US 5245564 A Abstract In an apparatus and method for computing inverses and square roots a highly accurate initial approximation is computed using a second order polynomial equation, the coefficients of which are stored in a ROM. The most significant bits of an operand are used to address a ROM to select coefficients, providing different coefficients for different operand ranges. The remaining lesser significant operand bits are used in the computation; the coefficient values already account for the bits used to address them. The result is in single precision accuracy. For double precision, the polynomial results are used as the first approximation for a Newton-Raphson iteration. The multiplier has a split array mode to speed up the calculation of the polynomial, whereby two lesser precision values can be computed at once. The size of the coefficients is tailored to produce the proper precision result for each of the elements of Ax
^{2} +Bx+C. Separate values for the coefficients A, B, and C must be stored for the 1/x approximation and for the 1/√x approximation. Also to speed up the multiplier, the multiplier can accept one operand in carry/save format, by providing Booth recoder logic which can accept operands in a normal binary or in a carry/save format. Also employed is a rounding technique which provides IEEE exact rounding by an operation that includes only one multiplication.Claims(3) 1. An apparatus for multiplying operands, and further for determining a result for a function of x to a specified precision using a polynomial equation to approximate the function, said apparatus comprising:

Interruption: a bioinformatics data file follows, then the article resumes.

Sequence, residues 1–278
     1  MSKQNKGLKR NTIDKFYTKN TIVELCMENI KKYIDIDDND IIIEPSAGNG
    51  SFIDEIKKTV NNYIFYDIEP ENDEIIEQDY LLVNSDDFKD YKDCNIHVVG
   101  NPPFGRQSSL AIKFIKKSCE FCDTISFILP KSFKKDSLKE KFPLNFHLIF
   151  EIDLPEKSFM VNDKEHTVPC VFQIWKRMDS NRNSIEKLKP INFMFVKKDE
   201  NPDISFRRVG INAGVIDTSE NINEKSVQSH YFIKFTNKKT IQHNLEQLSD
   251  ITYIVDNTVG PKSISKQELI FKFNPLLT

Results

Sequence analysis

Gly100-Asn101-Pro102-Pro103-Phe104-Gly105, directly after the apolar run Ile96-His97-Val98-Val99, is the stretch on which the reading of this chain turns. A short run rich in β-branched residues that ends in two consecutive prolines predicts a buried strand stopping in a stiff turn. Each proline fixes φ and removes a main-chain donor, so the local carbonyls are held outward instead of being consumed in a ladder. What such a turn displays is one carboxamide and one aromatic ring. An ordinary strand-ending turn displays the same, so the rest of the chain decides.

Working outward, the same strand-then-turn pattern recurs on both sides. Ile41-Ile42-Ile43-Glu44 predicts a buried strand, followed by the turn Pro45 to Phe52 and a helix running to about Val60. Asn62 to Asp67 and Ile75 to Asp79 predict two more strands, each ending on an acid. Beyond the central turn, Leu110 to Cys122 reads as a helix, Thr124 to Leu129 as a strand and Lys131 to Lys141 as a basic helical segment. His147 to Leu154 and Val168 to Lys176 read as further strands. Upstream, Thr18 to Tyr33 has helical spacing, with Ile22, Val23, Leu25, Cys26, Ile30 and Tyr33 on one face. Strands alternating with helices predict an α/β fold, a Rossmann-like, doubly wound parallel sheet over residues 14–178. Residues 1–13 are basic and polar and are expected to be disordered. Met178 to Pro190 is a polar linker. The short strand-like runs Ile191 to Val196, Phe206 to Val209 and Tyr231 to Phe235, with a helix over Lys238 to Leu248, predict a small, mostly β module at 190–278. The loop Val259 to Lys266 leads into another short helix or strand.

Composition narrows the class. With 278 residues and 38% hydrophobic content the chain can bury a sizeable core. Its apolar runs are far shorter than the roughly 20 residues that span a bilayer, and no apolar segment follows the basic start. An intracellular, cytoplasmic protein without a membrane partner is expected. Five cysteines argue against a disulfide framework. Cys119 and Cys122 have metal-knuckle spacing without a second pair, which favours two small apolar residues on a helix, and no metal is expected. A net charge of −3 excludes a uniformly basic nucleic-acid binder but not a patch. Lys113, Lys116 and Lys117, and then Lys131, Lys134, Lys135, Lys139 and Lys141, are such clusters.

a first sub-array multiplier for multiplying an m bit first operand by an n bit second operand to produce a first product, m and n being integers; a second sub-array multiplier for multiplying an m bit third operand by a p bit fourth operand to produce a second product, wherein said operands can all be different, p being an integer; means for selecting a split array mode and a unified array mode; means, coupled to the selecting means and to the sub-arrays, for supplying operands to the sub-arrays, wherein said supplying means, a) when the split array mode is selected, supplies independent operands to the sub-arrays, and b) when the unified array mode is selected, i) supplies a fifth operand having m bits both to the first sub-array as the first operand and to the second sub-array as the third operand, and ii) supplies to the first sub-array as the second operand a least significant group of n bits from a sixth operand having n plus p bits, and iii) supplies to the second array as the fourth operand a most significant group of p bits from the sixth operand; means, coupled to the sub-arrays, for combining the first product and the second product to produce the sum of a value equal to the first product right-shifted n bits plus the second product; a memory for holding a plurality of coefficients for the polynomial equation for each of a plurality of values of x; an input bus for x having a plurality of bit lines, a portion of said bit lines corresponding to the higher order bits of x being coupled to address inputs of said memory; arithmetic means, coupled to data outputs of said memory and said input bus, and coupled to said means for selecting modes and to said means for supplying operands, for determining an approximation of the function according to a polynomial equation for the function in an interval specified by said portion of the higher order bits of x, using said plurality of coefficients in said polynomial equation. 2. The apparatus of claim 1, wherein the result is a rounded result having no bits less significant than a predetermined least significant bit LSB, said apparatus further comprising: